The week of November 14th, 2011, the BSGE community was informed that there was a presence of two chlorinated solvents, tetrachloroethene (PCE) and trichloroethene (TCE) in the soil vapors underneath BSGE’s foundation.
The level of each of the chemicals has always been well below the New York State Department of Health Air Guideline Values (NYSDOH AGV’s) but when testing was first done in 2008, the levels were above the routine background levels found in the average New York State home.
The New York City School Construction Authority (SCA) has been aware of these chemicals when it first did environmental testing on the air quality in the BSGE building and soil underneath it in 2008 as a result of routine procedures it follows when leasing a building. At that time, the NYSDOH was informed but the BSGE community was not. A School Construction Authority representative stated that because the levels of the chemicals were below the AGV’s and because the SCA was involved in a lawsuit with the landlord that the school community was not informed until recently.
One of the chemicals found, PCE is a chemical routinely used in dry cleaning, and the other, TCE is an industrial chemical used for degreasing. The source of the contamination under the building is most likely not directly underneath the BSGE building and is most likely migrating from an off site location, probably a nearby dry cleaner.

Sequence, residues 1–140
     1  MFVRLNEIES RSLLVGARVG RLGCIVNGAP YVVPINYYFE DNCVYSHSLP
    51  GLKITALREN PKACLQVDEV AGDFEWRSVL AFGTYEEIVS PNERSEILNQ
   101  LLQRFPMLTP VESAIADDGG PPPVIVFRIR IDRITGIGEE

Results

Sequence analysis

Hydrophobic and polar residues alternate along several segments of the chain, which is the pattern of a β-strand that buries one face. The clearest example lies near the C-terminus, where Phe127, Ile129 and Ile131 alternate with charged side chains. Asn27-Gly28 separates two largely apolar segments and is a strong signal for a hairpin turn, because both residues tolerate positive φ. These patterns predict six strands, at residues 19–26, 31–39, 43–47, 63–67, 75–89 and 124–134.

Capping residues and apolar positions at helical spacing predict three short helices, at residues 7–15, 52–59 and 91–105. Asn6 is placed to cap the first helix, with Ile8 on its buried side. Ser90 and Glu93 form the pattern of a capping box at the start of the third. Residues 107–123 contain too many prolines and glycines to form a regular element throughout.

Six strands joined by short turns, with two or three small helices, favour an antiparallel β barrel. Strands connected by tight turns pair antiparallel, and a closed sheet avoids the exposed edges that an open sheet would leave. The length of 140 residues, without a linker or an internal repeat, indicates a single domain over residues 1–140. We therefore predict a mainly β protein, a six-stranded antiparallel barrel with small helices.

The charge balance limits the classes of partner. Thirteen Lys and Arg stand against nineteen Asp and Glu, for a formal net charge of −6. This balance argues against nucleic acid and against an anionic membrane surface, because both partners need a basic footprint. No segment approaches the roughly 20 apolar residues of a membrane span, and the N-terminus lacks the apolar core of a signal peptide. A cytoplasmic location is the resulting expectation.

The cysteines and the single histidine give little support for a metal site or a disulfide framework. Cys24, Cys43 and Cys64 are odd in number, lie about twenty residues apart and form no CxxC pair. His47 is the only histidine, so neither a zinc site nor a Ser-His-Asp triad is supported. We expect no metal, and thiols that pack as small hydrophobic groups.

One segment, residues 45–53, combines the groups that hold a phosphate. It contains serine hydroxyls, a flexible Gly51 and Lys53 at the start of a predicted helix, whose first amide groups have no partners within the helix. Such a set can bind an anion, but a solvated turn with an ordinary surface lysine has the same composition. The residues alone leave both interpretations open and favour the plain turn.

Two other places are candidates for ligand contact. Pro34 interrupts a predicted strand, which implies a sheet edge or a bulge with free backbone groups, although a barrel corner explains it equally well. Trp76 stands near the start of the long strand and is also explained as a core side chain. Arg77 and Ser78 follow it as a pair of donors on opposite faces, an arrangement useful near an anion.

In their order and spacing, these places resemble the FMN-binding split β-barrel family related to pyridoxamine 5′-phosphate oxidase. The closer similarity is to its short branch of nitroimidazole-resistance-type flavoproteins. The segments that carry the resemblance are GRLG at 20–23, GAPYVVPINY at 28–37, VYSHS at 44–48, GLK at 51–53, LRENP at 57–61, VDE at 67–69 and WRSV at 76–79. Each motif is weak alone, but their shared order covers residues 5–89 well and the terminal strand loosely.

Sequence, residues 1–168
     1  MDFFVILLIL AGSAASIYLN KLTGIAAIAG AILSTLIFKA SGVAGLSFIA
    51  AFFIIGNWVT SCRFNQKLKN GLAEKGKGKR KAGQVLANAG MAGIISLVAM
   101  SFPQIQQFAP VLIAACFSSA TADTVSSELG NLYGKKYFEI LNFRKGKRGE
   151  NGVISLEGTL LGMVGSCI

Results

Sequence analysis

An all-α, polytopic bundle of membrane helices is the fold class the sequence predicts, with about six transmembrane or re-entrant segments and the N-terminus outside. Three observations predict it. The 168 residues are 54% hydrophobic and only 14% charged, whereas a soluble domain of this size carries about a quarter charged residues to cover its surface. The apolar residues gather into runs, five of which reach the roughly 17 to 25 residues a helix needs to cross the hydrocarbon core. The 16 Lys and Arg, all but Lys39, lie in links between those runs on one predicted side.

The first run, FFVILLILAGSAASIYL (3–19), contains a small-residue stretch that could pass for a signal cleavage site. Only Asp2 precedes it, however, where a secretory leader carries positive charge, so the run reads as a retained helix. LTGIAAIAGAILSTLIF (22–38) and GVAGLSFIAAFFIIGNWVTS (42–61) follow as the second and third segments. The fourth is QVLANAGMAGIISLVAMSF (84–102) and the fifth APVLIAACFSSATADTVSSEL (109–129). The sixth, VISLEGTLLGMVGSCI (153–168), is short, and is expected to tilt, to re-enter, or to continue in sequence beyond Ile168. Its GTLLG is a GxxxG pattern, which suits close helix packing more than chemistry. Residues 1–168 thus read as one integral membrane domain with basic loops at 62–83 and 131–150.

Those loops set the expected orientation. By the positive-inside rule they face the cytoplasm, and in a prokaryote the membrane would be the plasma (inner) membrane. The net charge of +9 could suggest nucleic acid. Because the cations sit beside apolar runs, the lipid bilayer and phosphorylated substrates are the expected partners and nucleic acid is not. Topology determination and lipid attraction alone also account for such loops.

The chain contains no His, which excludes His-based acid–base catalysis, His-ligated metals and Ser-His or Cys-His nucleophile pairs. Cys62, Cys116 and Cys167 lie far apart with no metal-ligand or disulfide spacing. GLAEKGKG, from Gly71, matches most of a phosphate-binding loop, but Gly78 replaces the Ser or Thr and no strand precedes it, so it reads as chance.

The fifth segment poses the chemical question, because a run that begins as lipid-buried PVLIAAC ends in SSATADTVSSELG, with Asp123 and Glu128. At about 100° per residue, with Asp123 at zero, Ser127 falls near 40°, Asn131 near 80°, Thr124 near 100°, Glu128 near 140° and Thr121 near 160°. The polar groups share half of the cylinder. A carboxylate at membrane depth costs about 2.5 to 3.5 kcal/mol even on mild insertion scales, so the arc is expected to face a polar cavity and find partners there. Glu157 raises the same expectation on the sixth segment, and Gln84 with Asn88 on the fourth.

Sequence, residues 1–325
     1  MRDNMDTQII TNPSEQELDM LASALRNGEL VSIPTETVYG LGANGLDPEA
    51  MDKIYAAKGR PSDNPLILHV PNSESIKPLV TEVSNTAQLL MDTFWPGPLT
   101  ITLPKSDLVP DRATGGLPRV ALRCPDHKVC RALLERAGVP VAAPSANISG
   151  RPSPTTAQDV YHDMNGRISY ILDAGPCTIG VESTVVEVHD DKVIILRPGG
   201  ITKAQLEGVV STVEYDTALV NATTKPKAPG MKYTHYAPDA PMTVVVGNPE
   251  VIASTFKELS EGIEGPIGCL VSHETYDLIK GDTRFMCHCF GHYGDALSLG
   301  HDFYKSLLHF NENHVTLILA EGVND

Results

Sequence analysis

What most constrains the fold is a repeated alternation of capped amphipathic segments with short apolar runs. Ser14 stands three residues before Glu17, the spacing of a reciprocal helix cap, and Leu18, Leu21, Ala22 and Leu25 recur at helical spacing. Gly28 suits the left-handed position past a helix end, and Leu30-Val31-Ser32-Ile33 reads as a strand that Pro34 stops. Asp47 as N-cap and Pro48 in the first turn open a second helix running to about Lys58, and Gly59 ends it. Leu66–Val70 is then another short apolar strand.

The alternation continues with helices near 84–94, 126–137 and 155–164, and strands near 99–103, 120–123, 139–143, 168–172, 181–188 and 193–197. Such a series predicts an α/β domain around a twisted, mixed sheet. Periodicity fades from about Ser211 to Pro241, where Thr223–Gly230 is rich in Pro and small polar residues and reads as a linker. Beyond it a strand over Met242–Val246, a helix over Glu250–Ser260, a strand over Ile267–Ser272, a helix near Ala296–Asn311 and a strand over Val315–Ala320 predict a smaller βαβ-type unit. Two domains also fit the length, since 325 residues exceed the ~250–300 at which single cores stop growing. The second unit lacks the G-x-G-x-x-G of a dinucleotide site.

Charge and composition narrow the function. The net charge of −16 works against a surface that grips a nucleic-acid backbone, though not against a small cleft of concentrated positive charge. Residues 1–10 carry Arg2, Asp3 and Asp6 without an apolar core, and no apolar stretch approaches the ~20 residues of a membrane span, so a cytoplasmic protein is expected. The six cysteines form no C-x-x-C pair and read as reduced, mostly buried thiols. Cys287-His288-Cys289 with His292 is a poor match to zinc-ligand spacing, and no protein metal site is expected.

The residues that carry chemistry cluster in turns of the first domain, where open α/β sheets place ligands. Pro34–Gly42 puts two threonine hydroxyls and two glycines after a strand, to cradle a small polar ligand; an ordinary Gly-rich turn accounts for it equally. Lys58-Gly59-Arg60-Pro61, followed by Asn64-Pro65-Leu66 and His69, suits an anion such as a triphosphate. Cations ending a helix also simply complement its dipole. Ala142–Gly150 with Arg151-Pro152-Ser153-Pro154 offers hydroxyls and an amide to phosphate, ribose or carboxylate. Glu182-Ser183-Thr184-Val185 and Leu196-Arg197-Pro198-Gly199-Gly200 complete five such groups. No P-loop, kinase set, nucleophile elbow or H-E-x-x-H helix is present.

The week of November 14th, Ms. Johnson sent home a letter explaining the situation to BSGE families and invited them to a presentation and question and answer period on the night of November 23rd by the SCA at BSGE.
One of the short term actions taken by the SCA to ensure that no vapors would contaminate the air in the BSGE building was to fill any holes in the foundation. The recommended long term action is to build a “subslab depressurization system” which would ventilate any vapors from under the building out of the building through the roof.
The building was tested twice in 2009 and again in 2011 and the results have consistently been below the state’s AGV’s. According to the SCA representative, “the AGV’s are health based criteria which were developed based on an exposure scenario of all day, every day, for an entire lifetime.”
Soil contamination is common in New York City because most of the city’s land has been inhabited for a long time and had many different uses especially in Long Island City/Astoria which has a lot of warehouses, factories, and industrial spaces.
In addition to the environmental issues discuss, the SCA presented other issues related to the future maintenance and renovations on the BSGE building.
Independent testing done on 11/22/2011 confirmed the SCA’s findings about the air quality.
An additional test will be done over winter recess 2012 to confirm previous indoor air quality findings.